Data has to be converted from paper maps into digital format in a process called digitizing. This can be done either manually or with a scanning technology. Some data is available in digital format and can be obtained from data suppliers.
Data must be transformed to the same scale (degree of detail or accuracy) before integrating it.
Large collections of data are stored, organized, and managed in a database management system (DBMS). GIS uses relational design, in which data is stored as a collection of tables. Common fields link these tables.
Query and Analysis
Query questions like "How far is it between two places?" "Where is land zoned for industrial use?" Analytical questions like "If I build a new highway here, how will traffic be affected?" "Where are all the sites suitable for building new houses?" GIS uses buffering to determine the proximity relationship between features.
Example: What is the total number of customers within 20 kilometers of this store? An overlay, or spatial join, can integrate data on soils, slope, and land ownership with tax assessment. Different data layers are integrated together.
Maps are very efficient at storing and communicating geographic information. In GIS, the results and map are integrated with three-dimensional views, reports, photographic images, and other output (multimedia).

Advantage of Using GIS

  1. GIS allows the user to bring all types of data together based on the geographic and locational component of data
  2. GIS maps display many layers of useful information
  3. Visualizes scenarios and manages data
  4. Relationships between data become more apparent and data becomes more valuable
  5. Reduced costs to businesses
  6. Aids in decision-making (location of new housing: low-risk area or close to population center)
  7. Presents powerful ideas

Global Positioning System (GPS)

The Global Positioning System uses satellites and computers to compute positions anywhere on earth. It is a system of satellites that allow a user with a receiver to decode time signals and convert the signals from several satellites to a position on the Earth's surface For this project, GPS was used to connect an inventory of housing conditions with a GIS map. GPS data will be gathered directly from locations (cities in Kosovo). A person will go around a house and GPS will help them to know where the house is located. The information will be used in GIS Kosovo map. Separate data with information on the inventory of housing conditions will be collected and stored in a database. This is not a major goal of the project however.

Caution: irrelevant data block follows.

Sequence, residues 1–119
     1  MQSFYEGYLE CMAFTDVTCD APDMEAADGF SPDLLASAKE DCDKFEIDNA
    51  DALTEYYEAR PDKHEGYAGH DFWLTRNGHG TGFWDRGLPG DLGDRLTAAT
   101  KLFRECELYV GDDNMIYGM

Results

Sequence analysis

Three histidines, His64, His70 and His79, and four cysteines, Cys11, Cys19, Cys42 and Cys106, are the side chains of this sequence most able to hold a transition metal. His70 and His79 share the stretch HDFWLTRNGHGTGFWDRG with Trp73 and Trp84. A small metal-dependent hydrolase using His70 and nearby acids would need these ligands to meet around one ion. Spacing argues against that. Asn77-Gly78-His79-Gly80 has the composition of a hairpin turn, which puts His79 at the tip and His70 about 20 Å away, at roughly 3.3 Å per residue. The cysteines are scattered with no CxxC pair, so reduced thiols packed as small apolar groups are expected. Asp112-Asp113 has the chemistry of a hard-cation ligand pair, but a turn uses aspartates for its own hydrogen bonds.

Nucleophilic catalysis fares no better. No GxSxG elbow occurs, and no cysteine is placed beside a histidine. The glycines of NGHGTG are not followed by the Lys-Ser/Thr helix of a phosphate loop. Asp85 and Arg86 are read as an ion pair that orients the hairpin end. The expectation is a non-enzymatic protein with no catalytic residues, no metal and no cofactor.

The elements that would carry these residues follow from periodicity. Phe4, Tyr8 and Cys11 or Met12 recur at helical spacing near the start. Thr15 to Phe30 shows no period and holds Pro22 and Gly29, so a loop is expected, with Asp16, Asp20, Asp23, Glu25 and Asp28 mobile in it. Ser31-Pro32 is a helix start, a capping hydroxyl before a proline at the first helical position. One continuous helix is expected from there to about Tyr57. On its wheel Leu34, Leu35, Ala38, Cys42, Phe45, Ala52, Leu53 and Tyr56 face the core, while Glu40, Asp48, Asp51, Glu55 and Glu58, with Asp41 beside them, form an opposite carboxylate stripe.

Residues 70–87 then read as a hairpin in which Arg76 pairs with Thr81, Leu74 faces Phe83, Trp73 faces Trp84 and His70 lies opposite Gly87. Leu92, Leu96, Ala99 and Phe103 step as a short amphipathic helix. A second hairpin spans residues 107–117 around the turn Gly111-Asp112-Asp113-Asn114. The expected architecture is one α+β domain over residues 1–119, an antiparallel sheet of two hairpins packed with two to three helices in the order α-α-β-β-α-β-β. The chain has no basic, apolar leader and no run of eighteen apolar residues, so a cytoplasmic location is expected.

Layers/Themes of a GIS Kosovo Map

The following are layers/themes that might be considered to create the map:

  1. Cities: Gives us information about cities in Kosovo and cities of neighboring countries.
  2. Political Boundaries: To see where each city in Kosovo is separated either with another country or city. This layer will also give us information on how large or small a city is.
  3. Population: Provides information on the most or least populated cities of Kosovo.
  4. Total Number of War Crimes Plotted Across a Region: Provides information on the region in which crimes were committed as well as which regions have high crimes totals.
  5. Military Units: Provide information where military bases were located.
  6. Mass grave sites: Where people were buried. A massacre might have been committed at that region.
  7. Events Plotted Through Time: Provides information on what types of crimes or events occurred through time